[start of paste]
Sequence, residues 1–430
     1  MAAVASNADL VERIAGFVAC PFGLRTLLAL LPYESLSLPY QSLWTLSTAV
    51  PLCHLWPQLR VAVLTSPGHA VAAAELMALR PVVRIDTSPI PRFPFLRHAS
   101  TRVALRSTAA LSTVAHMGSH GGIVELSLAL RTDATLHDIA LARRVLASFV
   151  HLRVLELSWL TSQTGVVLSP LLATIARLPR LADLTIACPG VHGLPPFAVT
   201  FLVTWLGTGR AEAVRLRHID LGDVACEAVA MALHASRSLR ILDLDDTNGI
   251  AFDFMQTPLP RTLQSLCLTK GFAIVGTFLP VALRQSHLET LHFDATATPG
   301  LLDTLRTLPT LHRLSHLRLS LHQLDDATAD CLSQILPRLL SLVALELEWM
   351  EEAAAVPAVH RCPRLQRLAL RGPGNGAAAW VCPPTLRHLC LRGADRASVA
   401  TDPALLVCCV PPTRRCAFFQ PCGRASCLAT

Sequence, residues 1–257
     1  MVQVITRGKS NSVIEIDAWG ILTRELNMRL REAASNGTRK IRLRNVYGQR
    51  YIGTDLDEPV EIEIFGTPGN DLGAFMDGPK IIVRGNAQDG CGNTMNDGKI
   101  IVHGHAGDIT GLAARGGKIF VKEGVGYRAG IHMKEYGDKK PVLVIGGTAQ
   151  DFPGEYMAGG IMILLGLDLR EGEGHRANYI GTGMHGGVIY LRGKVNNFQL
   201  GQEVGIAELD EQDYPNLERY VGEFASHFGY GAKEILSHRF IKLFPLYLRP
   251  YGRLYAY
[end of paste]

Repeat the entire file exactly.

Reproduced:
Sequence, residues 1–430
     1  MAAVASNADL VERIAGFVAC PFGLRTLLAL LPYESLSLPY QSLWTLSTAV
    51  PLCHLWPQLR VAVLTSPGHA VAAAELMALR PVVRIDTSPI PRFPFLRHAS
   101  TRVALRSTAA LSTVAHMGSH GGIVELSLAL RTDATLHDIA LARRVLASFV
   151  HLRVLELSWL TSQTGVVLSP LLATIARLPR LADLTIACPG VHGLPPFAVT
   201  FLVTWLGTGR AEAVRLRHID LGDVACEAVA MALHASRSLR ILDLDDTNGI
   251  AFDFMQTPLP RTLQSLCLTK GFAIVGTFLP VALRQSHLET LHFDATATPG
   301  LLDTLRTLPT LHRLSHLRLS LHQLDDATAD CLSQILPRLL SLVALELEWM
   351  EEAAAVPAVH RCPRLQRLAL RGPGNGAAAW VCPPTLRHLC LRGADRASVA
   401  TDPALLVCCV PPTRRCAFFQ PCGRASCLAT

Sequence, residues 1–257
     1  MVQVITRGKS NSVIEIDAWG ILTRELNMRL REAASNGTRK IRLRNVYGQR
    51  YIGTDLDEPV EIEIFGTPGN DLGAFMDGPK IIVRGNAQDG CGNTMNDGKI
   101  IVHGHAGDIT GLAARGGKIF VKEGVGYRAG IHMKEYGDKK PVLVIGGTAQ
   151  DFPGEYMAGG IMILLGLDLR EGEGHRANYI GTGMHGGVIY LRGKVNNFQL
   201  GQEVGIAELD EQDYPNLERY VGEFASHFGY GAKEILSHRF IKLFPLYLRP
   251  YGRLYAY